James Jay Edwards

A Hero Tiptoes Through an Ethical Minefield

(A Hero, photo by Amirhossein Shojaei, courtesy Amazon Studios)

James Jay Edwards reviews A Hero, an Iranian film written and directed by Asghar Farhadi and starring Amir Jadidi. (Amazon Studios)

 

January is generally seen as a dumping ground for movies. It’s the time when studios will release movies in which they have little-to-no confidence, but just want to provide with theatrical runs.

Unrelatedly, it’s also when the official selections for the Academy Awards Best International Feature competition get domestic releases. A Hero, the newest film from visionary director Asghar Farhadi (The Salesman, A Separation), is Iran’s offering for this year’s Oscars.

 

(A Hero, theatrical release poster, courtesy Amazon Studios)

A Hero is about a man named Rahim (Amir Jadidi from Cold Sweat and Zero Day) who is in prison for defaulting on a debt. He has a two-day leave and, with it, he comes up with a plan to convince his creditor to withdraw the complaint against him so he can be released and work to pay back the debt. Of course, things don’t go as planned for the well-meaning inmate, and it all quickly spirals out of control.

 

(A Hero, photo by Amirhossein Shojaei, courtesy Amazon Studios)

Asghar Farhadi got the idea for A Hero from actual news stories of down-on-their-luck people who performed good deeds and became media “heroes” because of it. While Rahim is clearly the protagonist of the story, Farhadi explores his flaws more than his graces, casting suspicion upon his character in the eyes of the audience. His plan revolves around paying a partial amount of his debt with some gold that he “found,” and while he internally doubts this unscrupulous scheme, he still wrestles with moral dilemmas until not even the viewer knows the entire truth. Each decision he makes leads him further into a minefield of ethical dilemmas, whether it’s agreeing to lie to make the news story better or refusing to let his family be exploited for sympathy.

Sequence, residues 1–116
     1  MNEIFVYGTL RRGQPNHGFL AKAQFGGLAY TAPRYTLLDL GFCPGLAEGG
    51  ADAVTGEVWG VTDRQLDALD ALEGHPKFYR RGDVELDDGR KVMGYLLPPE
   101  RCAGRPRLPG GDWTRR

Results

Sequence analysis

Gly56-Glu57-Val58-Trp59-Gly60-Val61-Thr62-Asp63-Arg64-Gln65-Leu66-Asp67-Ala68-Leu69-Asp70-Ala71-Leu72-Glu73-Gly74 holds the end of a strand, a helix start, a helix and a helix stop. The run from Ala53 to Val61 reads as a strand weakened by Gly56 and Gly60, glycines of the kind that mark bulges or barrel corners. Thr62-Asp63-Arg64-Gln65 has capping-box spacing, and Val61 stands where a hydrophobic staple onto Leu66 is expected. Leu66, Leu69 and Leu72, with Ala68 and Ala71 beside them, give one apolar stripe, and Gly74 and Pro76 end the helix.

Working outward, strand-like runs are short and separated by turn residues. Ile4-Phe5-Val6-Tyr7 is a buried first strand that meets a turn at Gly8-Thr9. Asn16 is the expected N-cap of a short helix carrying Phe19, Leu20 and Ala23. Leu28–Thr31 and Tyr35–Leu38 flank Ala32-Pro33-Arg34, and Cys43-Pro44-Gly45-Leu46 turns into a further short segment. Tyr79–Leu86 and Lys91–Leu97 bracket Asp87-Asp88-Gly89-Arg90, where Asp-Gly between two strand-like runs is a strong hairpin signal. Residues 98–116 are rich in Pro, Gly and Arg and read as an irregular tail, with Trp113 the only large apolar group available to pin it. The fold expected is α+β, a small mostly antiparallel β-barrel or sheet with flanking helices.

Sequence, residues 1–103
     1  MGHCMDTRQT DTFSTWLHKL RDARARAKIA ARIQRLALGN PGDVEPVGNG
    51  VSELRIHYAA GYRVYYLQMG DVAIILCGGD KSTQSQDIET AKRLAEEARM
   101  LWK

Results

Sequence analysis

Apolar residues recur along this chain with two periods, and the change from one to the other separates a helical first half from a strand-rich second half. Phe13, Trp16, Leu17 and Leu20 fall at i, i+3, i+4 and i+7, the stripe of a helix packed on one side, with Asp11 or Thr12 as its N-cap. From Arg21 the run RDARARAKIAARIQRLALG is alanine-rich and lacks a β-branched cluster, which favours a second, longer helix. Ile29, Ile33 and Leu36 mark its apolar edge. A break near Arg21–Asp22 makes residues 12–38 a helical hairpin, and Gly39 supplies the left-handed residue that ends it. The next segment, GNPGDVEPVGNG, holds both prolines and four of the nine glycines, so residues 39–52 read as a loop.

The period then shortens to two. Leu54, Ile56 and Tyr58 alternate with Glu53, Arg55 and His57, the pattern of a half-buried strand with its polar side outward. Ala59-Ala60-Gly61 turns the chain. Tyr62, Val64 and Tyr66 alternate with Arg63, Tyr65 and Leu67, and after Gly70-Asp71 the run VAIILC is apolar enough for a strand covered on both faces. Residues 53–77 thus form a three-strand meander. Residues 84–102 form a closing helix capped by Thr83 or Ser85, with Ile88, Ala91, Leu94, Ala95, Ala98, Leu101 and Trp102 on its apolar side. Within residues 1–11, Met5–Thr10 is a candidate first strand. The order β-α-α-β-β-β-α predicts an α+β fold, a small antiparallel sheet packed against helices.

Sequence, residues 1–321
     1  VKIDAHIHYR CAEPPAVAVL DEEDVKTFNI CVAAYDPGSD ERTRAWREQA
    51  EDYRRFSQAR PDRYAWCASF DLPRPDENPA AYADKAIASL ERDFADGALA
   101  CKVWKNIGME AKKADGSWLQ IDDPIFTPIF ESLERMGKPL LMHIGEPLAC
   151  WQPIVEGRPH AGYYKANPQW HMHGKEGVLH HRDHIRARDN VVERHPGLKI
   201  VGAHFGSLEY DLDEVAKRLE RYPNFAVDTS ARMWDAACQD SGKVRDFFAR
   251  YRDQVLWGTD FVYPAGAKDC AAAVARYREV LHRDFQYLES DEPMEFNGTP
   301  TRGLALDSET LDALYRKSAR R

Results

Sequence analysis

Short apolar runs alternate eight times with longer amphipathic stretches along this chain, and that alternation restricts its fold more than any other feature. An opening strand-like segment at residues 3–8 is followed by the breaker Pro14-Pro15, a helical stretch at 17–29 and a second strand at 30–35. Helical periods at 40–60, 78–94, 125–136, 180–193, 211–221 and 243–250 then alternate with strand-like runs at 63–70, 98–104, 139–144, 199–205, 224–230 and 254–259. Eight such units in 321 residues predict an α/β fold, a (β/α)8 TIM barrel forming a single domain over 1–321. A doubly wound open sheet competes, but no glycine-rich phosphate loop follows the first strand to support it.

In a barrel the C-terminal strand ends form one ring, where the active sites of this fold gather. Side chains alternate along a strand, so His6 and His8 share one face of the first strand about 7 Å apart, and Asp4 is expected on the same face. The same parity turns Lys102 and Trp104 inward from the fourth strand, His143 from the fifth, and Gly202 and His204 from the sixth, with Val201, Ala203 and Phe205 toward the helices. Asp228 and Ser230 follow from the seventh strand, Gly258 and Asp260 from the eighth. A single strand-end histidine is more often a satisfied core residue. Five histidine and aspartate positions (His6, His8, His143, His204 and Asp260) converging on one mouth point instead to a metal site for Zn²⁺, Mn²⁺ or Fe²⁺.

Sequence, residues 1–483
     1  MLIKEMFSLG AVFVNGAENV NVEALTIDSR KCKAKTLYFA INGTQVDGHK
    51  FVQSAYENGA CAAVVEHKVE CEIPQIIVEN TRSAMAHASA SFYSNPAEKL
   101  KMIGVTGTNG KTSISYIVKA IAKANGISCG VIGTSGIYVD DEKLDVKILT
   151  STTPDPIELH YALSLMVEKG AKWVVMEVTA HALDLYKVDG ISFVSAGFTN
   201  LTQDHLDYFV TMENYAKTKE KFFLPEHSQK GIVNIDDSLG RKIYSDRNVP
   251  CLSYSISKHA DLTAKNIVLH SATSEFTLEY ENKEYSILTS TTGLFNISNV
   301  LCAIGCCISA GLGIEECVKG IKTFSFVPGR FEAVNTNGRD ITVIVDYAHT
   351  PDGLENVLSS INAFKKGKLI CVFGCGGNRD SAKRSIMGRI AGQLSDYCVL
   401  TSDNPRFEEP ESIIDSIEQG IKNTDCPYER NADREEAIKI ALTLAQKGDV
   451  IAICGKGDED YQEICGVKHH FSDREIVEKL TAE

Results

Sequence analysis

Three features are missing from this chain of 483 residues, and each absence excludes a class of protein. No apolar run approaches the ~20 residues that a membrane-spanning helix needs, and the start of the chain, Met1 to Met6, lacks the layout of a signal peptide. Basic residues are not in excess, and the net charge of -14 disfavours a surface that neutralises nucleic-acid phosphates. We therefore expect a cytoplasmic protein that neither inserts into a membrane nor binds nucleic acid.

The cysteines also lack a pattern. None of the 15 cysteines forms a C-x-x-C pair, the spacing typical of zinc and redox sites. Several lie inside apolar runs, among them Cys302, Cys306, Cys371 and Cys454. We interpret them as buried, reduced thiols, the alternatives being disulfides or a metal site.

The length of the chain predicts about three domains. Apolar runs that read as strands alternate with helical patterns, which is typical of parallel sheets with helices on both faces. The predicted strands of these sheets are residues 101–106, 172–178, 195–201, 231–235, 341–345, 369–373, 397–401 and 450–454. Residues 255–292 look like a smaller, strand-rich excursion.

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First and foremost, A Hero is a character study. Rahim is not a bad man, he has just coupled bad luck with poor choices, so he winds up in prison. His creditor, Bahram (Paytakht’s Mohsen Tanabandeh), is also not a bad man, he’s just a guy who has been taken advantage of for too long and now has the power to hold someone accountable. Once Rahim’s plan starts to unravel, characters seem to pick sides and either try to help him further cover things up or try to expose his supposed dishonesty. And none of the characters seem to be real villains. There’s no black or white in A Hero, just different shades of grey.

Asghar Farhadi is an understated and restrained filmmaker, and the subtleties of A Hero just contribute to the ambiguity of the characters. Much of the movie is spent trying to figure out who is telling the truth and who is running a grift, and the answer isn’t as clear-cut as it may seem in the beginning. Farhadi is a master of giving the audience the information and letting them figure things out for themselves, even if that figuring out takes the entire running time of the movie. He keeps you on your toes.

 

(A Hero, photos by Amirhossein Shojaei, courtesy Amazon Studios)

This year’s Oscar field for Best International Feature is stacked with quality entries, so there’s no guarantee that A Hero will wind up with a nomination. Nevertheless, it’s worth a watch, if only to put yourself into the manipulative cinematic hands of Asghar Farhadi for a couple of hours.

A Hero is in select theaters now and will stream on Amazon on January 21st.

 

 

Check out the podcast Eye On Horror for more with James Jay Edwards, and also features Jonathan Correia and Jacob Davison.

 

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